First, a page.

Executive Editor-in-Chief, Lam Man-chung, was among the four arrested on July 21. Associate Publisher and Deputry Chief Editor, Chan Pui-man and editorial writers, Fung Wai-kong and Yeung Ching-kee, were also arrested after their bail was revoked.
Pui-man was among the executives and editors who had previously been arrested on June 17. Wai-kong and Ching-kee were arrested a few days later. Man-chung was the only of the four individuals who was charged. In a statement, police said he was charged under suspicion of “conspiring to collude with foreign countries or foreign forces to endanger national security”
Hong Kong’s security minister, Chris Tang, rejected criticisms that these arrests would instigate fear amongst journalists of further political reprisals. Tang said, “Whoever committed an offense will be arrested, disregarding their background, whatever they do, or what are their professions … It doesn’t really matter. If they committed an offense, they will be arrested. And if there is any evidence, they will be prosecuted.”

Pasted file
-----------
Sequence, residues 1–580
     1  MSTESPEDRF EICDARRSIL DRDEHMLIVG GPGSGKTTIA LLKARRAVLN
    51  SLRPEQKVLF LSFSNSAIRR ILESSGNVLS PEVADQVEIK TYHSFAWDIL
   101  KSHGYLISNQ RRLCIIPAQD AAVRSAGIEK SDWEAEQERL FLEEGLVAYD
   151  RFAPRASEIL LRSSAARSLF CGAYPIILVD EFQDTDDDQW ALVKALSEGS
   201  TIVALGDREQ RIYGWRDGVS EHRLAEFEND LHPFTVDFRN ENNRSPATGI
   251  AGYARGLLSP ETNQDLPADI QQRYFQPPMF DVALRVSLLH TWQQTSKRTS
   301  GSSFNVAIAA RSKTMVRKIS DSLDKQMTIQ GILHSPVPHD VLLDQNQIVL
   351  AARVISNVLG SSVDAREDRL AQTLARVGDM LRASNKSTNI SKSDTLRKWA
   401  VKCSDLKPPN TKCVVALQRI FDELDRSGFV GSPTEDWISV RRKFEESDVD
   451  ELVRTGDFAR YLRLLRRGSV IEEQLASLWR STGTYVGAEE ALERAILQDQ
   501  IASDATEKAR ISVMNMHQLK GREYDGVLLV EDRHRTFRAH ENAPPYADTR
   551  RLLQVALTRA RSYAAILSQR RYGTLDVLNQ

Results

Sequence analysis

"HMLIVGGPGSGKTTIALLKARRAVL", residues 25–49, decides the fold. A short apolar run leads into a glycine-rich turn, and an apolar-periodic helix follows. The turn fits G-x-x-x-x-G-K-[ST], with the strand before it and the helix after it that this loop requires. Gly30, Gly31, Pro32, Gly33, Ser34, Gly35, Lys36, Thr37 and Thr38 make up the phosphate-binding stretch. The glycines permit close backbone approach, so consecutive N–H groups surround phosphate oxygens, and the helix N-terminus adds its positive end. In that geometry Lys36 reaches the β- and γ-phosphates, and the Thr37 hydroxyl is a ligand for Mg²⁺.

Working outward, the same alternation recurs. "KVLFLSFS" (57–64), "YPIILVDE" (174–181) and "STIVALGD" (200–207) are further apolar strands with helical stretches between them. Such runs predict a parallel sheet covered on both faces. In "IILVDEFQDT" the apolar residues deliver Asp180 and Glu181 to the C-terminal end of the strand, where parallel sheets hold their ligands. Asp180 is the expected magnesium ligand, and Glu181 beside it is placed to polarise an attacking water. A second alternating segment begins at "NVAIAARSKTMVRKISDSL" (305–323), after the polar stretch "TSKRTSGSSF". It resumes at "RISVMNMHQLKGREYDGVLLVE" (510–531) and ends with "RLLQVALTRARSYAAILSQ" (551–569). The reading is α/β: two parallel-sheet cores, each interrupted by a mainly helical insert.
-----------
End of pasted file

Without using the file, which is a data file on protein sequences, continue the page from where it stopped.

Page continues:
On June 24, Apple Daily shut down its Hong Kong operations after standing as the last major pro-democracy newspaper in Hong Kong. Jimmy Lai, founder of Apple Daily, is also currently in prison after being charged under the National Security Law.
The IFJ said: “The extensive persecution of Hong Kong journalists, as a result of the National Security Law, has established a precedent for media workers are treated by the authorites. The IFJ urges Hong Kong authorities to drop all charges against Lam Man-chung and to release the rest of the Apple Daily workers.”